3. Planet of the Apes (1968)
What an experience it must have been to be at an early screening of Planet of the Apes, seeing minds get blown. This sci-fi classic following an astronaut’s exploration of a planet where apes are the dominant species still packs a real punch.
The big ideas are still provocative and hard-hitting, mercilessly criticising religious fundamentalism; creationism; totalitarianism; war and prejudice. John Chambers’ superlative makeup holds up, still allowing the Ape casts’ masterful performances (particularly the depth brought by Kim Hunter and Roddy McDowall) to shine through, the aesthetic creativity and iconic imagery remaining impressive.
The twist at the end is astounding for first-time viewers, but the clues are all there for you on a re-watch, the film’s plotting deceptive in its intricacy and layers. Jerry Goldsmith’s instantly recognisable, eerie soundtrack keeps the story charged with energy and is among the best of his career. Ok, so Charlton Heston lights a cigar in his spacecraft at the beginning, but you can’t over-think everything!
2. Escape from the Planet of the Apes (1971)
Charlton Heston’s wish that Beneath the Planet of the Apes would be the only Apes sequel fell on deaf ears – box office receipts confirmed that there was still an appetite for this sort of thing. Despite the seemingly definitive ending to Beneath, the story continued with Zira and Cornelius traveling back in time to 1973 and astounding the world with their advanced intellectual faculties.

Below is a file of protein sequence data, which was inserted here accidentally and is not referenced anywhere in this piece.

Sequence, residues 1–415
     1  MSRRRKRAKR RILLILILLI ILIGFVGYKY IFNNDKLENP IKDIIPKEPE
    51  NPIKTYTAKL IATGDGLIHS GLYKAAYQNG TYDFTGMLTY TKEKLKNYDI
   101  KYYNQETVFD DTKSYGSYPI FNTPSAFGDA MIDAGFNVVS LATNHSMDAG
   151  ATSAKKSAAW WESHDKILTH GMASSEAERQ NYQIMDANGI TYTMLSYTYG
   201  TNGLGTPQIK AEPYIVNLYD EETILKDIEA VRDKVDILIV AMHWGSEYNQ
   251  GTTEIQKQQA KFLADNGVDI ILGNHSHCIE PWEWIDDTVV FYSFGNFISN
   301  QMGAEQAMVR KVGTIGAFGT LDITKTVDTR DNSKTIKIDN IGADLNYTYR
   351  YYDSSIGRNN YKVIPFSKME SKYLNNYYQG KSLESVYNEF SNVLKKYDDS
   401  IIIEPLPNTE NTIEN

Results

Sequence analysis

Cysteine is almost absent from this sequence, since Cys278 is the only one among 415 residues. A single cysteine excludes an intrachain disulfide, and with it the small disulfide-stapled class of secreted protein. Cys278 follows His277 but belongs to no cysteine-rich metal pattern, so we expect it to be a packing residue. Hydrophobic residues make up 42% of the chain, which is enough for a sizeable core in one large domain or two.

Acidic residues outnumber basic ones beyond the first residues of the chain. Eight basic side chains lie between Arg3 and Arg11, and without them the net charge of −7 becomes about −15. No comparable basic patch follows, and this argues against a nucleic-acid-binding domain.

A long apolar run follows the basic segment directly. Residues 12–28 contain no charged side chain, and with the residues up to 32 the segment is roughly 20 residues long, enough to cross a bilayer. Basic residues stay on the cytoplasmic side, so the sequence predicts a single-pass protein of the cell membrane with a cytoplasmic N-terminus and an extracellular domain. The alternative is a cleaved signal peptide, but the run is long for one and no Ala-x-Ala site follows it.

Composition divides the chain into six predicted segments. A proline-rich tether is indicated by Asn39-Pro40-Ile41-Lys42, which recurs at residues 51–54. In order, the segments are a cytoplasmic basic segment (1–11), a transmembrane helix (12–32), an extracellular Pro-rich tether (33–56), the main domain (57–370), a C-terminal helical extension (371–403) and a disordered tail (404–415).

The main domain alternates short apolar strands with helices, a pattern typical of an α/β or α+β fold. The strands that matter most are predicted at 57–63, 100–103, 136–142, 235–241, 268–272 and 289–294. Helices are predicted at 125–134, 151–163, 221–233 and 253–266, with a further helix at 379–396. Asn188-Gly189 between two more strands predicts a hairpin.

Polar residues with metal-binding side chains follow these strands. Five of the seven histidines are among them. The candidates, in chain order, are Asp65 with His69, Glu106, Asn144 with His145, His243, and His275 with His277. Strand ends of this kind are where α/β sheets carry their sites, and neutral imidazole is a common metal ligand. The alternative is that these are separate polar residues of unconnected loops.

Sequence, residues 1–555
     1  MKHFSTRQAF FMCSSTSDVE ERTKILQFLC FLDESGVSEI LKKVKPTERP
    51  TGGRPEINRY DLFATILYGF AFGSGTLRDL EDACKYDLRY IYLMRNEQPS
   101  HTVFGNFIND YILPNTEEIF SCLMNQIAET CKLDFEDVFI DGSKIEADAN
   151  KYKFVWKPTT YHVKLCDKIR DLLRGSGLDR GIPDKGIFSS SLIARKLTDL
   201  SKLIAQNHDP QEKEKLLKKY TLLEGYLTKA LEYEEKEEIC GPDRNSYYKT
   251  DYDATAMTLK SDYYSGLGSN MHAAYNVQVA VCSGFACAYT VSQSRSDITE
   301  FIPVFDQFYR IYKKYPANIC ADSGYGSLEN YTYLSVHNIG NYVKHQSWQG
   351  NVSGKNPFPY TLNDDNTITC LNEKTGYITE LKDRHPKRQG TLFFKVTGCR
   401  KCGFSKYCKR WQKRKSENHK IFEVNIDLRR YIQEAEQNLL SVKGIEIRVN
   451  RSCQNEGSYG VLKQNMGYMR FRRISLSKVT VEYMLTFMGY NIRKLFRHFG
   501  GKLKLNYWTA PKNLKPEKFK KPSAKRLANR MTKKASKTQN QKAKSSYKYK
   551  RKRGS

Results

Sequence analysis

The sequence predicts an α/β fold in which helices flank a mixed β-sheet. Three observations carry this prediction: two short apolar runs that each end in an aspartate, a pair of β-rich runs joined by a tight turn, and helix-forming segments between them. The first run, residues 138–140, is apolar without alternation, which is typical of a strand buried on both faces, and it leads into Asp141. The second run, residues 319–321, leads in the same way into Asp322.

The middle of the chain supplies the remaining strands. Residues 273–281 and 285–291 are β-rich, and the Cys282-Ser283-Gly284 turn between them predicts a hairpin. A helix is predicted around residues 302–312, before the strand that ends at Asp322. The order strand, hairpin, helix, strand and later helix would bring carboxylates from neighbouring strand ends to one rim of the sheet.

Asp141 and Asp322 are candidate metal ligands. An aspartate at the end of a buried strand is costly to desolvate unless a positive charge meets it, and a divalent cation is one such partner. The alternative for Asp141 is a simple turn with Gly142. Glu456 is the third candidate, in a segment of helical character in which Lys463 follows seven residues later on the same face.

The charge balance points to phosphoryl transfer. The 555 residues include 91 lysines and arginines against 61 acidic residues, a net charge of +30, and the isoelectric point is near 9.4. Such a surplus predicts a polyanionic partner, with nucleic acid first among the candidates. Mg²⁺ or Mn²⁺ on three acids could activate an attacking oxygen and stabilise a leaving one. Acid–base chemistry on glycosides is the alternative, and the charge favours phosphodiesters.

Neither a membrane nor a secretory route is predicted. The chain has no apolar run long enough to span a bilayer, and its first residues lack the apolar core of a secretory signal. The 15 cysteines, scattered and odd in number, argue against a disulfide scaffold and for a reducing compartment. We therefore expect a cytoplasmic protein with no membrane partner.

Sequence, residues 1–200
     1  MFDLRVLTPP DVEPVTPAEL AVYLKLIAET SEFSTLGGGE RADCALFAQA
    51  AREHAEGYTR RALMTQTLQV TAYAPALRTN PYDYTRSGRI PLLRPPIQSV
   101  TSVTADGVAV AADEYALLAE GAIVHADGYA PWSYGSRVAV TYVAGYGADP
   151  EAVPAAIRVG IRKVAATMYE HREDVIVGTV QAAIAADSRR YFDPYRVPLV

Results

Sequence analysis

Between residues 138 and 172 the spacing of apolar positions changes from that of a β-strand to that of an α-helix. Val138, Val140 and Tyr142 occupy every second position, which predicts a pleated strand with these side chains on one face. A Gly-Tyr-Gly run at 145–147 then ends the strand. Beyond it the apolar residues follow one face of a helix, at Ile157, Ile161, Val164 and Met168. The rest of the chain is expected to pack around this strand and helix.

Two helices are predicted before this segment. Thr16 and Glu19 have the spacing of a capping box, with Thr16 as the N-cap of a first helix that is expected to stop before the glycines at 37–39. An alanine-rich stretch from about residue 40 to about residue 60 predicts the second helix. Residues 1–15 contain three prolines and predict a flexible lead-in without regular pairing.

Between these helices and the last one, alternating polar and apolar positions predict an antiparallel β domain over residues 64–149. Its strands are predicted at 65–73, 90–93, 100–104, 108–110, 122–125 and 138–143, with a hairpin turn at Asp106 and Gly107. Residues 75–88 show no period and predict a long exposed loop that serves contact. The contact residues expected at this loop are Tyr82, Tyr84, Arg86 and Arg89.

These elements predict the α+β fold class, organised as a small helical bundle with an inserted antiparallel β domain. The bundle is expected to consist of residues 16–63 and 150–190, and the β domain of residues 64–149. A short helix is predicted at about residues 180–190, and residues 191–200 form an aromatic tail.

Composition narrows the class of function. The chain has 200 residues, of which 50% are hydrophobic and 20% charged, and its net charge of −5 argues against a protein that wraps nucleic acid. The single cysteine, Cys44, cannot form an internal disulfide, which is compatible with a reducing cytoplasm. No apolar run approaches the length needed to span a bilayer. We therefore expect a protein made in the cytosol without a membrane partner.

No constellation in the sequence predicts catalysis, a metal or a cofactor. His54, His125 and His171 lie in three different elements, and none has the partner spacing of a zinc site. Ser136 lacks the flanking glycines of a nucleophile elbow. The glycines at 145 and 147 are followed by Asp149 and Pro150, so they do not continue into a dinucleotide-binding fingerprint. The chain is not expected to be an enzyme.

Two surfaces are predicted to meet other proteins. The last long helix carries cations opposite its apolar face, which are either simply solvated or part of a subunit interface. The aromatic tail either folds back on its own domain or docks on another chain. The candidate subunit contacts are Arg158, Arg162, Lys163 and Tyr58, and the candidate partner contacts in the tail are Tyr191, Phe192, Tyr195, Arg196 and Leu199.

Escape from the Planet of the Apes is a different beast to the two films that preceded it. They were both bleak dystopian adventures, while Escape is a witty satire taking merciless swipes at hot-button topics of the day – the Cold War; animal testing; celebrity culture (presented here in clever juxtaposition with a literal circus). The film is wisely built around the franchise’s two most compelling characters and their relationship, and Kim Hunter and Roddy McDowall make Zira and Cornelius real, relatable and hilarious with their flawless animal body language marrying with dignified vocal work.
Much like the comparable Star Trek IV, other films in the series might work better as hard sci-fi, but this is the most fun entry in the series by far.
1. Dawn of the Planet of the Apes (2014)
A lot of people forget how daring Dawn of the Planet of the Apes was.
After a brief opening action scene we get an extended stretch with the key ape characters talking in subtitled sign language, welcoming us as observers of their unique world.
The film’s central conflict is not between ape and man but between Caesar and Koba (Toby Kebbell), two apes who want to protect their race but profoundly differ in ideology. Caesar thinks man can change and both societies can develop in absence of each other, whereas Koba wants revenge and ape supremacy.
The ferocious debate scene between the two leaders of ape society boasts the finest and fiercest performance-capture performances to date, and Koba’s hijacking of a tank later in the film is the action highlight of the entire series. Director Matt Reeves’ world is immersive and layered – the technology took a revolutionary leap forward even from Rise three years earlier – and the film as a whole makes for thematically rich, visually compelling and emotionally operatic stuff.
Recommended for you: Once More with Feeling – 10 More of the Best Remakes
Was this Apes list “together, strong” or did we blow it up? What’s your favourite entry in the Planet of the Apes franchise, old or new? Reply in the comments or find The Film Magazine on Facebook and Twitter.